Programmed cell death-1 protein (PD-1) antibody is an immune-checkpoint inhibitor that triggers anti-tumor response by enhancing immune response. Although PD-1 antibody has been reported effective in some malignant tumor, it can also induce significant immune-related adverse events (irAEs) such as autoimmune diabetes.
A 67-year-old male patient with non-small cell lung cancer (NSCLS) presented with polydipsia, polyuria, weakness, and weight loss after use of anti-programmed cell death-1 antibody therapy. Hyperglycemia, high serum ketone, low bicarbonate and high anion gap were compatible with the criteria of diabetic ketoacidosis (DKA).
Autoimmune diabetes and diabetic ketoacidosis (DKA). The presence of low serum titers of c-peptide, high blood glucose together with diabetic ketoacidosis (DKA) that occurs shortly after the use of pembrolizumab strongly supported the diagnosis of anti-PD-1 induced autoimmune diabetes.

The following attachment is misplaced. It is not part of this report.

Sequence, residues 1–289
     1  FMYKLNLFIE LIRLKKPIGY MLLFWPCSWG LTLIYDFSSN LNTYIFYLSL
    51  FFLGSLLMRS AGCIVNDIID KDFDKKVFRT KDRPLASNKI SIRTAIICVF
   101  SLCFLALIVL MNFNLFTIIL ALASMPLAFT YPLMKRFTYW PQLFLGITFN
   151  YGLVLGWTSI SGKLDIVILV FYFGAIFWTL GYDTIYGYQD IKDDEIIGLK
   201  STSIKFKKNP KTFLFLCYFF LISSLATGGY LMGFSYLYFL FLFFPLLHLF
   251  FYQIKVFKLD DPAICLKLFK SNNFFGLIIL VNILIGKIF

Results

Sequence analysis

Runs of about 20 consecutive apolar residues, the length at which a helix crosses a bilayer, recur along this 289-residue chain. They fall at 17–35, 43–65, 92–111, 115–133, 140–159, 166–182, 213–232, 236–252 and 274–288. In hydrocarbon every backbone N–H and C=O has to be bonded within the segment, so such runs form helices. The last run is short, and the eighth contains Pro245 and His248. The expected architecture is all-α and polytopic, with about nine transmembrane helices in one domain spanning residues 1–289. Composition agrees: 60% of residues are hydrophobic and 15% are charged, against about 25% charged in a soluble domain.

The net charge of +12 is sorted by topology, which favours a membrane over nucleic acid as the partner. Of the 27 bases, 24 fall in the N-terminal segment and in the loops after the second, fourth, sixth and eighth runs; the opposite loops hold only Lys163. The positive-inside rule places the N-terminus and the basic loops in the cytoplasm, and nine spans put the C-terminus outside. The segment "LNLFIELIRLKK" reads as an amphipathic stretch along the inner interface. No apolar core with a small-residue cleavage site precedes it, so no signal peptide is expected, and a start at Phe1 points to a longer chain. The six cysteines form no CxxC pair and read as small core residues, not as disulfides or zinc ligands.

The patient stopped using pembrolizumab while continuous subcutaneous insulin infusion (CSII) was started at the same time. The insulin infusion was switched to multiple daily injection (MDI) after he was discharged from hospital.
The patient is now a well-controlled insulin-dependent patient with palliative care of NSCLS.
Autoimmune diabetes induced by anti-programmed cell death-1 (PD-1)/programmed cell death 1 ligand 1 (PD-L1) therapy is a rare, but life threatening immune-related side effect. Physicians should closely monitor diabetes-related indexes of patients who have been undergoing the treatment of anti-PD-1/PD-L1 therapy.